The marine variants are also a big factor in this region. The Navy folks at Stennis Space Center, Miss., operate a fleet of underwater robots, and the Navy at Panama City, Fla., is also heavily involved in underwater and surface robotic systems.
A small NASA lander being tested for missions to the moon and other destinations beyond Earth crashed and burned after veering off course during a trial run at the Kennedy Space Center, Fla., last week. Morpheus crashed near the runway formerly used by NASA's space shuttles.
Designed and built by engineers at NASA's Johnson Space Center in Houston, Morpheus made several flights attached to a crane before the ill-fated free-flight. The engines appeared to ignite as planned, but a few seconds later Morpheus rolled on its side and fell. The engine that powers the lander was tested at Stennis Space Center, Miss. (Post)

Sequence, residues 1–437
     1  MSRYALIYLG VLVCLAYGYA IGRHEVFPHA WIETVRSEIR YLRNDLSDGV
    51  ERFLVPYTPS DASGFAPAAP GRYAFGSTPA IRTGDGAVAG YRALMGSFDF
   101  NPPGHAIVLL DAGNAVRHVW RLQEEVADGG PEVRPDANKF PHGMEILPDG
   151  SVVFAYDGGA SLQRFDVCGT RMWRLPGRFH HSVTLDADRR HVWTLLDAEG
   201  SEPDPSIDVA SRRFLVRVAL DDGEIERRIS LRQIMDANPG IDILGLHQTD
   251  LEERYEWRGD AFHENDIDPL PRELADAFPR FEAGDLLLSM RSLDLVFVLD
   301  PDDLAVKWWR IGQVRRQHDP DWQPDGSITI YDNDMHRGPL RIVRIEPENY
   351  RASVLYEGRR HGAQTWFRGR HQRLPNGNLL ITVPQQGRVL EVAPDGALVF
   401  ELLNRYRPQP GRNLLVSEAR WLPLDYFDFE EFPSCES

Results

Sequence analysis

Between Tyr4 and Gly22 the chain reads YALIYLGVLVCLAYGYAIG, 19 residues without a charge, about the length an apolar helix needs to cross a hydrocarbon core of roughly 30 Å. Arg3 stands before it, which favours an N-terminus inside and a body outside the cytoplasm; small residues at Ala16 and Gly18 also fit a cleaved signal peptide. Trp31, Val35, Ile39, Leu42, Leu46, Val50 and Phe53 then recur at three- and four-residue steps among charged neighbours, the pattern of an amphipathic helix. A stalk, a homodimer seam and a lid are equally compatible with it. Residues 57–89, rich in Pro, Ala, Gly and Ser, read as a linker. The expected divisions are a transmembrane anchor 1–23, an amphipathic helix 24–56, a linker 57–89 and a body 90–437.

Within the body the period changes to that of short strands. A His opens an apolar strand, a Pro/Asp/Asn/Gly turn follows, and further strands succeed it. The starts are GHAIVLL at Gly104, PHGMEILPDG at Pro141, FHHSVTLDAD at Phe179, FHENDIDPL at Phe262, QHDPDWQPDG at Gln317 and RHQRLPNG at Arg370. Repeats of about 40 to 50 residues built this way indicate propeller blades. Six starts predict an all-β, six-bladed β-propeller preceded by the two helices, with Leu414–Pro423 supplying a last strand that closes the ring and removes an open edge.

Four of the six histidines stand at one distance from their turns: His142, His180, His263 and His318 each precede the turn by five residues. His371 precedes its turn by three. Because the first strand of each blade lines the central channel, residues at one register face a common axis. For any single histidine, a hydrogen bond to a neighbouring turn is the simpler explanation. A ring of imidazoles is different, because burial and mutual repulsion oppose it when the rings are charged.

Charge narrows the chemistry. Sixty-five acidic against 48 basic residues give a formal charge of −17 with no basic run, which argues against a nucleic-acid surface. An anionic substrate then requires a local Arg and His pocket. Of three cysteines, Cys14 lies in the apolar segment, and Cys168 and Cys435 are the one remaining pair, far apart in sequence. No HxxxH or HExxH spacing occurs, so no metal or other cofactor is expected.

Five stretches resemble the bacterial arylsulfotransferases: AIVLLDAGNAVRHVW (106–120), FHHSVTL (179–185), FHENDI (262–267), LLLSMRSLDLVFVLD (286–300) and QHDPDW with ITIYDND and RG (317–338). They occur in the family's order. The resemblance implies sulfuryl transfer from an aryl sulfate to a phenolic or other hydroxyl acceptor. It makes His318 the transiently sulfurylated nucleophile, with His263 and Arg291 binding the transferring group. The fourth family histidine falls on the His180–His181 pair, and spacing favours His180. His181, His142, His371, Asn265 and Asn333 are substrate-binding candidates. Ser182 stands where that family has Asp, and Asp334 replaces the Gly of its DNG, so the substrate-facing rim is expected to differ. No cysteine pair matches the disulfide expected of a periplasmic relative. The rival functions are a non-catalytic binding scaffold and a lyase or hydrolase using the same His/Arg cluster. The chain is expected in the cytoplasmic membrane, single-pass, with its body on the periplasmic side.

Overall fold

The State Bond Commission in Louisiana during the week approved a request by officials of New Orleans International Airport to refinance existing bonds for additional parking. The panel approved the proposal to issue up to $40 million in bonds to refinance existing ones at a lower rate for an additional five years. (Post)
Lt. Col. Bruce Bunce assumed command of the 81st Range Control Squadron Aug. 10 from Lt. Col. Ryan Frederick at Tyndall Air Force Base, Fla. Frederick will be assigned to Ramstein Air Base, Germany. (Post)
EADS-NA, Herndon, Va., was awarded a $19.8 million contract to provide for the modification of an existing contract to procure contractor logistic support for the UH-72A program. Work will be done in Columbus, Miss., with an estimated completion date of Dec. 31, 2012. (Post)